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Lecture 2

Classification of Polymers
Classification of Polymers
Thermal response
Mode of formation/Polymer mechanism
Line structure
Application and Physical properties
Natural Polymer : Renewable resources such
as Natural rubber, starch, silk, cellulose,
Semisynthetic Polymer: chemical Modification
of natural polymers ethers and esters of
cellulose, cellulose nitrate, methyl cellulose
Synthetic Polymers: Obtained from
polymerization of petroleum based products
Polyethylene, Polystyrene
Application and Physical properties

Rubber: tensile strength 300-3000 psi, elongation

at break 300-1000 %, natural and synthetic
rubber, elastomers.
Plastic : tensile strength 4000-15000 psi,
elongation at break 20-200 %, polyethylene,
polypropylene etc
Fiber : tensile strength 2000-150000 psi strongest
used in industries, textiles, warmth, flexible,
thermal insulation, cotton, cellulose, silk,
synthetic polyamide, polyester fiber and acrylic
Thermal Response
Thermoplastics (resins): Thermoplastics soften
when heated and subsequently melt. When
cooled they become hard and rigid once again.
Example: Polyethylene, PVC, Nylon Uses: Bags,
Mugs, Toys
Thermosetting plastics (resins): Thermosetting
resins do not become softy on heating & they
never melt once set. Example: Phenolic resin,
diene rubber ,Bakelite Uses: Electric switches,
Telephone parts, Cooker handles
Difference between TP & TS
Formed by addition Polymerization
Long chain linear polymers
Soften on heating and stiffen on cooling
Can be remoulded
Usually soft, weak & less brittle
Can be reclaimed from wastes
Soluble in organic solvents Insoluble in organic

1. Formed by condensation Polymerization
2. Three dimensional network structure joined by
strong covalent bonds
3. Do not soften on heating
4. Cannot be remoulded
5. Usually hard, strong & more brittle
6. Cannot be reclaimed from wastes
7. Insoluble in organic solvents
Polymerization mechanisms

Chain Growth/addition Step Growth/condensation

Monomer with carbon carbon Monomer with different functional
unsaturated group OH, COOH, NH2,
The only growth reaction is addition Reaction can occur independently
of monomer to a growing chain between any pair of molecular
with a reactive monomer species
The reaction mixture consists of high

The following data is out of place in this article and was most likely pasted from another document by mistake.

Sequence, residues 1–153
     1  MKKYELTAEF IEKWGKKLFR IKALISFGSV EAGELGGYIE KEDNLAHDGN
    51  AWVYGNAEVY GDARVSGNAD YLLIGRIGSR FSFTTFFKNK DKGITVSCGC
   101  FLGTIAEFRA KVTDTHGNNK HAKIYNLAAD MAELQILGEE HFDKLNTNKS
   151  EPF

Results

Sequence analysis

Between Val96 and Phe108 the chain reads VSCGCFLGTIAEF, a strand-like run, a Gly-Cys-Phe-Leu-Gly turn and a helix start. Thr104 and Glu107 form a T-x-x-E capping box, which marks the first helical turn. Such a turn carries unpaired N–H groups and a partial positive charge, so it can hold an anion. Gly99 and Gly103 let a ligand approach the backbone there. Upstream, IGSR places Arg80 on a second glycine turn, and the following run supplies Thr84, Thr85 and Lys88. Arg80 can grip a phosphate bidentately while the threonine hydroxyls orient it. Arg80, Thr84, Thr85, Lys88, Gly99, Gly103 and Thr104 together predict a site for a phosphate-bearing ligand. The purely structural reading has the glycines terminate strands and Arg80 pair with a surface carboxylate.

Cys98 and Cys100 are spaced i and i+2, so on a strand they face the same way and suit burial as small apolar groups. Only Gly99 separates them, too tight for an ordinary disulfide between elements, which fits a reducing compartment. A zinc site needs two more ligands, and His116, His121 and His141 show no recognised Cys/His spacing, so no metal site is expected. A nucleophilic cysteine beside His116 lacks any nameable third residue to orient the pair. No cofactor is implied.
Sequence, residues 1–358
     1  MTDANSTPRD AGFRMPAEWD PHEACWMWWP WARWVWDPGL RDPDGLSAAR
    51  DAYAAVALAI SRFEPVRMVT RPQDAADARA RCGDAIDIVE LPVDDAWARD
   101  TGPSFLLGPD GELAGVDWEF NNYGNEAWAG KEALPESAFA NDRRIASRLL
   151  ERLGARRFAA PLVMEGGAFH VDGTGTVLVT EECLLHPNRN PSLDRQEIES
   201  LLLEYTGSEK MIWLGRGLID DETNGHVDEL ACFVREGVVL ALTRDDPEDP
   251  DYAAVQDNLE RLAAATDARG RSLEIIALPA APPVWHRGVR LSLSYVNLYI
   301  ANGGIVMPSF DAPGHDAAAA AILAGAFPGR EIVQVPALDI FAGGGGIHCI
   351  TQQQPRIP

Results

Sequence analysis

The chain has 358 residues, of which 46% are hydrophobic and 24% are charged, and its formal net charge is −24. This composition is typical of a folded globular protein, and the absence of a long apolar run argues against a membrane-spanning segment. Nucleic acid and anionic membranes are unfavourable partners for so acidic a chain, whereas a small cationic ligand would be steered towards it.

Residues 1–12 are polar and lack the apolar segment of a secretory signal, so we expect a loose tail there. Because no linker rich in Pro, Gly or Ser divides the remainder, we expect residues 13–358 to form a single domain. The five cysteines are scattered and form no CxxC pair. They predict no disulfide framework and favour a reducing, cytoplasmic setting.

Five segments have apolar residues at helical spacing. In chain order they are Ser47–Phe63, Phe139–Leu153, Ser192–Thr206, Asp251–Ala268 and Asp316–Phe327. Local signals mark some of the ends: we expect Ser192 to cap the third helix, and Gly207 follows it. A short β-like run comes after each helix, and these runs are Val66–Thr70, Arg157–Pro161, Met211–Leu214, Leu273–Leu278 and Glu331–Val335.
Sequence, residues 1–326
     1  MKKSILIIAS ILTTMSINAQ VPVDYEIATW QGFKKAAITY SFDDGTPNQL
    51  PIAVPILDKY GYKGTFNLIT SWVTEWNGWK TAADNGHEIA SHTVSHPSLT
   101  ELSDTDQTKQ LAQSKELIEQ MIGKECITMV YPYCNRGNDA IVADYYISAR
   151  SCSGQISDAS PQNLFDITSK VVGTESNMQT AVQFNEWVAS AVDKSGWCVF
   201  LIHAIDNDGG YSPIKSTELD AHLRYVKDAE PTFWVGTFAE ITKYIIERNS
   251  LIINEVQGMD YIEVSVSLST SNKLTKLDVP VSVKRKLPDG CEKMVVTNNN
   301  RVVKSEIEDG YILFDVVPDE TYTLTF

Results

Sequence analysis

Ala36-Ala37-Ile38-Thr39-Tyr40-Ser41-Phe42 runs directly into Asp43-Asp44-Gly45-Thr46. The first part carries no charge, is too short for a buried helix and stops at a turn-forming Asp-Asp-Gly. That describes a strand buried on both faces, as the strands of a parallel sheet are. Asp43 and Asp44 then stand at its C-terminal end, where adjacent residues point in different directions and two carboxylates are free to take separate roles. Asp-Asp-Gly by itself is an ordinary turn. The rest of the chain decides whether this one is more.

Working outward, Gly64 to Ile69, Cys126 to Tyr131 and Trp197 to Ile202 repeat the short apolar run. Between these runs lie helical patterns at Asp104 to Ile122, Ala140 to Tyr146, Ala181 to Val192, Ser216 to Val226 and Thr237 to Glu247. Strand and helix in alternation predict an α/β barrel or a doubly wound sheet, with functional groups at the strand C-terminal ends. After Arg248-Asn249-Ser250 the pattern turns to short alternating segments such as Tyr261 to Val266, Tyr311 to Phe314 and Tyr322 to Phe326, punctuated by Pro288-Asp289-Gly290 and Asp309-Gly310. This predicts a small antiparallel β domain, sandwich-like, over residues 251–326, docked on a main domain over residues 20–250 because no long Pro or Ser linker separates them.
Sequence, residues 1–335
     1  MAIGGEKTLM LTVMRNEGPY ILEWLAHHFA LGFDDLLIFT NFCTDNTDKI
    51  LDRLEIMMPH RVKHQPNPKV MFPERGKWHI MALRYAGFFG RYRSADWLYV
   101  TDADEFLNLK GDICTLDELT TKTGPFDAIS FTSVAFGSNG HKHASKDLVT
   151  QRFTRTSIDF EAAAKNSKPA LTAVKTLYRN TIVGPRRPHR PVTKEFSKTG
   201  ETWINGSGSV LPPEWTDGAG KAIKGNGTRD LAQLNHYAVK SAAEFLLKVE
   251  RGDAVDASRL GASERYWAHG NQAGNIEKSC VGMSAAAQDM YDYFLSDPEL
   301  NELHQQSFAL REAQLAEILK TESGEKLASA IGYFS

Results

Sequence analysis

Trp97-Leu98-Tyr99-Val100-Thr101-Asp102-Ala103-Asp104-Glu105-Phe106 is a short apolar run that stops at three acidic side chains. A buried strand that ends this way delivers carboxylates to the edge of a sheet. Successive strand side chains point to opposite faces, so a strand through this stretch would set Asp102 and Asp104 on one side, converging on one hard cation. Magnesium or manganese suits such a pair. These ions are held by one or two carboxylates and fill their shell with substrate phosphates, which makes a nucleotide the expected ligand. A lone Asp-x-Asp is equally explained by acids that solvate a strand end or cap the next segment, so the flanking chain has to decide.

polymer and unreacted The reaction mixture consists of
monomers with very few oligomers of many sizes in a
actively growing chain statically calculable distribution
Monomer concentration decreases
steadily as reaction time Monomer disappear early in favor of
increases low oligomer
Polymerization mechanisms

Chain growth Step Growth

Examples Examples are Polyesters,
Benzoyl peroxide Polyamide, Polyurethane,
Acetyle peroxide
Line structure
Linear chains :a polymer consisting of a single continuous chain of
repeat units
Branched chains :a polymer that includes side chains of repeat
units connecting onto the main chain of repeat units
Cross linked polymer :a polymer that includes interconnections
between chains
Net work polymer :a cross linked polymer that includes numerous
interconnections between chains

Linear Branched Cross-linked Network

Direction of increasing strength

Microstructure - Tacticity

atactic syndiotactic isotactic

Side groups on random Side groups on alternating Side groups on the same
Sides of the backbone sides of the backbone side of the backbone
Polyolefins with side chains have stereocenters on every other carbon


With so many stereocenters, the stereochemistry can be complex.

There are three main stereochemical classifications for polymers.
Atactic: random orientation

Isotactic: All stereocenters have same orientation

Syndiotactic: Alternating stereochemistry

1. Tacticity affects the physical properties
1. Atactic polymers will generally be amorphous, soft, flexible
2. Isotactic and syndiotactic polymers will be more crystalline, thus
harder and less flexible
2. Polypropylene (PP) is a good example
1. Atactic PP is a low melting, gooey material
2. Isoatactic PP is high melting (176), crystalline, tough material
that is industrially useful
3. Syndiotactic PP has similar properties, but is very clear. It is
harder to synthesize
3-Crystalline polymer : solid polymers with a high degree of
structural order and rigidity
4- Amorphous polymers : polymers with a low degree of
structural order
5-Semi crystalline polymer : most polymers actually consist of
both crystalline domains and amorphous domains with properties
between that expected for a purely crystalline or purely
amorphous polymer

Amorphous Crystalline